Montreal doctor suspended for excusing students from class without proper medical checkup

Dr. Raymond Rezaie has been fined $10,000 and will lose his licence for six months for writing notes excusing CEGEP students from school and prescribing them medication for depression or anxiety without thoroughly examining them first.

Dr. Raymond Rezaie, previously disciplined for botched circumcisions, to lose licence for 6 months

Dr. Raymond Rezaie opened the Alpha Medic clinic on Guy Street in 2010. The written decision to suspend him for six months noted the clinic was in 'disastrous' financial shape last year, facing debts and the imminent retirement of two doctors. (Google Streetview)

A Montreal doctor has been fined $10,000 and will lose his licence for six months for writing notes excusing CEGEP students from school and prescribing them medication for depression or anxiety without thoroughly examining them first.

Dr. Raymond Rezaie pleaded guilty to 13 violations brought before the disciplinary committee of Quebec's College of Physicians earlier this month.

Citing the need to protect the public, the college said it had to mete out a punishment matching the heightened gravity of the complaints.

"The respondent breached the ethical obligations at the core of the practice of professional medicine," reads the decision, released Thursday.

The investigation was launched after the college's investigative branch was asked to look into the cases of a number of Collège de Maisonneuve students. 

Rezaie had given them medical notes in December 2015 and January 2016, excusing them from attending one or more of their classes.

Undercover patient

The college's investigators went through the doctor's medical file and contracted an outside firm to gather more evidence.

In April 2016, a woman posing as a patient went to Alpha Medic Montréal on Guy Street and saw Rezaie for what she described as burnout.

During the interaction, which was recorded on video, the patient told the doctor that she was attending Collège de Maisonneuve, was stressed out about the end of the term, and she wasn't sure what to do. The doctor asked if she wanted to drop some of her classes.

She told him she had a hard time concentrating, and he then described how to proceed if she wanted a note to drop her courses.

"For Collège de Maisonneuve, this is how we do it. The form costs $65.... If you have anxiety and you have burnout, adjustment disorder — we can take off courses if you want," the doctor says on the video.

He then asked her if she had insomnia, anxiety and a hard time concentrating. He didn't ask about her medical history or whether she was taking any medication before prescribing her an antidepressant.

"It is clear that Dr. Rezaie led the interview by suggesting symptoms to fill in the school form, so that the request to drop out would be accepted," Dr. Sophie Ménard, an expert witness who viewed the video, said in the written decision.

She said the doctor failed to properly diagnose the patient.

"Of particular worry," she said, was the fact that the doctor prescribed the antidepressant Citalopram without conducting any mental health exam.

Took students at their word

In another incident, the doctor was criticized for writing a retroactive medical certificate for a patient who he met once at walk-in clinic and who, according to his notes, he did not fully evaluate.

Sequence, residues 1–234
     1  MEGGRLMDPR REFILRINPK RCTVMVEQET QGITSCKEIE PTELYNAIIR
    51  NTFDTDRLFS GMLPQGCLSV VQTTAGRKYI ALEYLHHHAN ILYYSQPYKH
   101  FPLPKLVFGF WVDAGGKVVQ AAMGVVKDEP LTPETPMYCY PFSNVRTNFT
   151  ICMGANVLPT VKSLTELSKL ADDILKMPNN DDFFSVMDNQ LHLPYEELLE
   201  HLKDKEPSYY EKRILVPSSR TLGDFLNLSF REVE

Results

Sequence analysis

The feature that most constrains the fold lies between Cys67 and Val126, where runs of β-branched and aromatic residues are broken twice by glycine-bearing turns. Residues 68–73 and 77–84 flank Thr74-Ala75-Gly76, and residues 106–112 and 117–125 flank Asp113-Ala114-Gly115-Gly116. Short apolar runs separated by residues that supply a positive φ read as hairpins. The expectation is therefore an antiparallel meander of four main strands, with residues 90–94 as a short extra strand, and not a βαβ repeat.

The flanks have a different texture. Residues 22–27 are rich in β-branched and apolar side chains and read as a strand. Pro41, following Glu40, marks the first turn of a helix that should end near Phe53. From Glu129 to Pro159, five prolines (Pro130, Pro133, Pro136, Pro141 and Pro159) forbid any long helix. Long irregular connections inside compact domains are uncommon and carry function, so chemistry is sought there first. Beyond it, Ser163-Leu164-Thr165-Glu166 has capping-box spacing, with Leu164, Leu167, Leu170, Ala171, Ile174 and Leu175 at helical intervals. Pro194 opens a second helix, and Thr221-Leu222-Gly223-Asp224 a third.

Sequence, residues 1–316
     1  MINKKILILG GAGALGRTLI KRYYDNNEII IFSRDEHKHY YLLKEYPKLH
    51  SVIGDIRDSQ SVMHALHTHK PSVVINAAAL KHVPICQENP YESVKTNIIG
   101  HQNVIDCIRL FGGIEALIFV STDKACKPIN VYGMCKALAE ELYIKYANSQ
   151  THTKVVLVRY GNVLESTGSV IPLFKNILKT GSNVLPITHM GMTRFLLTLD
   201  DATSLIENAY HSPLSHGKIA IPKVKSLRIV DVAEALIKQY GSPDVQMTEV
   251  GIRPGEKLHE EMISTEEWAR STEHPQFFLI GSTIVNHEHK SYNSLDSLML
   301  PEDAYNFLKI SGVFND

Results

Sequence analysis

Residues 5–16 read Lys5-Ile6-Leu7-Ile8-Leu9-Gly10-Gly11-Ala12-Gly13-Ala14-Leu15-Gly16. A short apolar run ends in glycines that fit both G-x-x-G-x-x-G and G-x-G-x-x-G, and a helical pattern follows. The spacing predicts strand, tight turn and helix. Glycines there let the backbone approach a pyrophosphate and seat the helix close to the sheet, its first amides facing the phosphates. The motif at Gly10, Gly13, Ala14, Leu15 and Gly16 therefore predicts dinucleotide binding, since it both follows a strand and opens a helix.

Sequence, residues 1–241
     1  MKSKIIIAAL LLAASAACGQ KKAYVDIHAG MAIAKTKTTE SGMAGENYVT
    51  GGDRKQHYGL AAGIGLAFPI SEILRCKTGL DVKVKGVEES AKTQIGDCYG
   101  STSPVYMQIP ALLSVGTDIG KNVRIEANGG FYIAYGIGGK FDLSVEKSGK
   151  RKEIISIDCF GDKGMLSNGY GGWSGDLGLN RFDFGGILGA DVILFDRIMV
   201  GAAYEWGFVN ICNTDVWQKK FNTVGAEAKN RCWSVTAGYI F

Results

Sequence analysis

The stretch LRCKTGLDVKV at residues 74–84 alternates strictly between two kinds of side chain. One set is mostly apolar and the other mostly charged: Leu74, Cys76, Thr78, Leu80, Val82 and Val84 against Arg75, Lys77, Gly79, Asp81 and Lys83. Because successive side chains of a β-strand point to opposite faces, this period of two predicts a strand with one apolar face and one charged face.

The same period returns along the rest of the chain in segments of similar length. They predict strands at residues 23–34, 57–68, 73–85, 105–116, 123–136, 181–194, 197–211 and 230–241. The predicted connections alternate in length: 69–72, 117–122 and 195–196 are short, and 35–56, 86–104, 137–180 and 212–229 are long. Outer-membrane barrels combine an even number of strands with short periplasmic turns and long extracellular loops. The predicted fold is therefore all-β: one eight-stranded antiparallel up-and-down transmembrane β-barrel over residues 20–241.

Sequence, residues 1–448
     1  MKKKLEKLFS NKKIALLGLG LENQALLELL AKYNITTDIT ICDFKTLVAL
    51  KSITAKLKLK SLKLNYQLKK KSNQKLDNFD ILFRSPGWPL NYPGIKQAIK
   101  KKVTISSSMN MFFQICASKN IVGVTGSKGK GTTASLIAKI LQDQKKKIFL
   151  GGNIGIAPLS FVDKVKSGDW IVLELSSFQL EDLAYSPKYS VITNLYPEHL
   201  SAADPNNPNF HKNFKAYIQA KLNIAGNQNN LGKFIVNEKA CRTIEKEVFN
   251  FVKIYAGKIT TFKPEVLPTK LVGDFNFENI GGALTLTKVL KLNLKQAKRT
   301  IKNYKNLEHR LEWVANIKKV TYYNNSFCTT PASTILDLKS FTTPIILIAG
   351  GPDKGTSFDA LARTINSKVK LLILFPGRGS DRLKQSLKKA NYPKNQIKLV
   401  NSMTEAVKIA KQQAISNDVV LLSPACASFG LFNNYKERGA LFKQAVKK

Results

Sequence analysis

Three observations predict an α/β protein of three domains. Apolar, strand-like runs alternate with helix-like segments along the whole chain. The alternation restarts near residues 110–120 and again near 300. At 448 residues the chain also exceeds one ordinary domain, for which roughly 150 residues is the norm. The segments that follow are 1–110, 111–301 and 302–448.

Rezaie told the disciplinary board that he took students at their word when filling out retroactive notes from the time they reported experiencing anxiety symptoms.

He said the fact that students agreed to pay $65 for a medical note showed they were serious, otherwise, they would save their money for "a new iPhone."

The doctor was also sanctioned for prescribing Propranolol, a beta blocker used to treat high blood pressure, to patients who came to his office for issues related to anxiety and depression.

"I have never seen or heard of a case where Propranolol was used for treating an adaptation disorder," Ménard said. She said the drug is not recommended in the treatment of anxiety, as is clearly stated in the Canadian guidelines for the drug's use.

Banned from doing circumcisions

Rezaie, who obtained a licence to practise medicine in 2006 and opened his downtown clinic in 2010, kept a file of the forms needed to drop out of courses or to obtain a reduced course load from several different colleges and universities. 

Rezaie told the college that staff from some education institutions advised students to go see him if they wanted to get a medical note to drop out of one or more courses.

According to the written decision, the doctor has expressed regret and said the cases covered by the complaint represent a very small portion of his 1,500 patients.

A receptionist at Rezaie's Montreal office contacted Thursday said he was not available for comment.

This is not the first time Rezaie has been sanctioned by the College of Physicians' disciplinary arm.

In 2016, Rezaie was banned for life from performing circumcisions after he pleaded guilty to performing botched procedures on 31 children at his clinic — some of which required surgical interventions to repair. He was fined $20,000, and his licence was suspended for a month.

The latest decision notes the "disastrous" financial situation Rezaie's clinic was facing in 2017. The clinic was $45,000 in debt, and two doctors had announced they would be retiring.

Rezaie's six-month licence suspension will start on June 4.